The other glaringly obvious point about climate change is that it is highly politicised, especially in the USA which will continue to have by far the most significant impact on global warming than any other part of the world - including China. After winning the 2020 presidential election, Democrat Joe Biden announced an ambitious framework to tackle climate change, develop green infrastructure and promote environmental justice, while rebuilding the economy following the Covid-19 pandemic. All of which is in marked contrast to his predecessor Donald Trump, a Republican, who spent his term dismantling environmental regulations and vocally opposing climate action. Trump is currently slightly ahead of Biden in the polls to win this year’s presidential election in November which, if you care about climate change, should be of great concern.


What happens in China with a population of 1.4 billion obviously matters greatly too because of its impact on global GHG emissions. However, the IEA’s (International Energy Agency) latest outlook shows that China’s demand for fossil fuels is set to peak in 2024. In 2022 fossil fuel accounted for 83.4% of primary energy consumption - down from 97.5% in 1970. Renewable power output trebled between 2017 and 2022 and China is now home to one third of the world’s renewable energy capacity. Again, according to the IEA, China will install 50% of new global renewable capacity from 2022-2027 and is set to dominate global supply chains of low carbon technologies like solar panels and wind turbines. In 2022, 29% of the cars on Chinese roads were electric, compared to 1% (around 3 million) in the USA.


I have to admit to finding some of these statistics surprising, some of them alarming and some of them give grounds for (slight) optimism. Many climate activists say that whatever is being done, it’s too little, too late. And before I started reading around this I had the impression that climate was low in the governmental agendas of both China and the USA, which together account for around 40% of GHG emissions (third and fourth are India and the EU at 6% each, and the UK is just 1%). However, both superpowers are currently committed to significant investment in clean, green, renewable technologies. Maybe not as fast as they should to meet net zero targets by 2050, but it’s not nothing. There is even a possibility that global fossil fuel consumption may peak this year so that GHG emissions will at least begin to go down rather than up.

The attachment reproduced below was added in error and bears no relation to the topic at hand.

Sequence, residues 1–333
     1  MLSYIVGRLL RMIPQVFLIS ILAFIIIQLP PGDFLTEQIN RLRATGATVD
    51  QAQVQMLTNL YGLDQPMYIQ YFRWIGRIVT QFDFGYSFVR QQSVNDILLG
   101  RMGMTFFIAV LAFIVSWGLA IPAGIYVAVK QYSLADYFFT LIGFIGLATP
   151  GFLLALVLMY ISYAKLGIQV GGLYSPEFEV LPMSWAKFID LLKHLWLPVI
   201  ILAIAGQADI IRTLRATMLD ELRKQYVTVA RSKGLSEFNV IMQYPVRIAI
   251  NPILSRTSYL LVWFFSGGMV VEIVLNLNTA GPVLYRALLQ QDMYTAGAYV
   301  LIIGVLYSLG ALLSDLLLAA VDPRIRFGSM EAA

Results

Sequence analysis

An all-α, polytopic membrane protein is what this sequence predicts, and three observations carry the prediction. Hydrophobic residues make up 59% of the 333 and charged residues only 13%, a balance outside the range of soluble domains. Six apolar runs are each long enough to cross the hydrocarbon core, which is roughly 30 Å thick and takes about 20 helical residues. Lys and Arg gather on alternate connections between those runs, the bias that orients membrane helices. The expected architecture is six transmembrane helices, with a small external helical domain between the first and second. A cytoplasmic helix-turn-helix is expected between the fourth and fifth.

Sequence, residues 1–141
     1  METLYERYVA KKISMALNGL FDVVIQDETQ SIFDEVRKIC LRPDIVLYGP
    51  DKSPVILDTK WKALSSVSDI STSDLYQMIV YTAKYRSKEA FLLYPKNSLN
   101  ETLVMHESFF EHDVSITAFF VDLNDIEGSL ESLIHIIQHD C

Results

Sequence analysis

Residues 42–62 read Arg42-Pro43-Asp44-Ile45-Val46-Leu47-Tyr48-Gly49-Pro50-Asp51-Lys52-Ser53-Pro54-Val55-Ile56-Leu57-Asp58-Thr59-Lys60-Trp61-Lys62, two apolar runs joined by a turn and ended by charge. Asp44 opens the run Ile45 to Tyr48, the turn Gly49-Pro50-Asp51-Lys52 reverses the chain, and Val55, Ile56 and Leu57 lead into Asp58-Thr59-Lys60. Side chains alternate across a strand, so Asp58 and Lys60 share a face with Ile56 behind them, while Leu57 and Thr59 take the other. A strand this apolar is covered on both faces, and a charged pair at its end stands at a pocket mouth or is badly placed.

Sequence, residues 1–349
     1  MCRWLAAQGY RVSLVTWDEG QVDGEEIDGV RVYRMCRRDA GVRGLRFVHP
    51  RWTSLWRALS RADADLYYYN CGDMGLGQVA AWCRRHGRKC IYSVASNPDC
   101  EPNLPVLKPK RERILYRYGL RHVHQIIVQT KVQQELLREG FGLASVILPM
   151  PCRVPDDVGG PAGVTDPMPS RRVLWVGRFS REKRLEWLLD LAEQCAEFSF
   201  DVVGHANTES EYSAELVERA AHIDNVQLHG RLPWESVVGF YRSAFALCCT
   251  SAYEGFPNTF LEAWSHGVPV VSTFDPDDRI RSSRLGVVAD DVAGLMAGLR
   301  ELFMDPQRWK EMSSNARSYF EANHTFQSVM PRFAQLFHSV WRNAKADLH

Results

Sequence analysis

And what about you and I? What can we do? The first is to let go of scepticism and think about the world that our grandchildren will inherit. On a personal level we can at least start to consider our individual contribution to climate change (fuel and meat consumption, transport, insulation in our homes etc). At a political level we can write to our representatives to tell them that we care about climate change and would like to see policies which support a green agenda. I heard Rory Stewart say recently on the podcast ‘The Rest is Politics’ that a new Labour government should immediately announce the planting of millions of trees. I think we could all get behind that and my new Member of Parliament will definitely be receiving several emails from me on the subject of climate change.


The point is to feel some degree of personal agency. Let’s take as our model a speech by Winston Churchill, in the spring of 1940 when, as a country, we were facing the possibility of being invaded by our enemy. He’s realistic, promising Britons only “blood, toil, tears and sweat”. But he also offers agency: “We shall fight on the beaches, we shall fight on the landing grounds, we shall fight in the fields and in the streets, we shall fight in the hills.” And he admits the possibility of failure: “If this long island story of ours is to end, let it end only when each of us lies choking in his own blood upon the ground.” 


A bit melodramatic you may think, but the comparison conveys the existential threat to our future that is climate change. Changing course won’t be easy, but each of us can do our bit and at the very least we can pull our heads out of the sand and wholeheartedly support every effort that is being made to save our planet from catastrophe.


Tricia x


*If you are interested in reading more, I found The Carbon Brief articles on China, the USA and the UK most illuminating: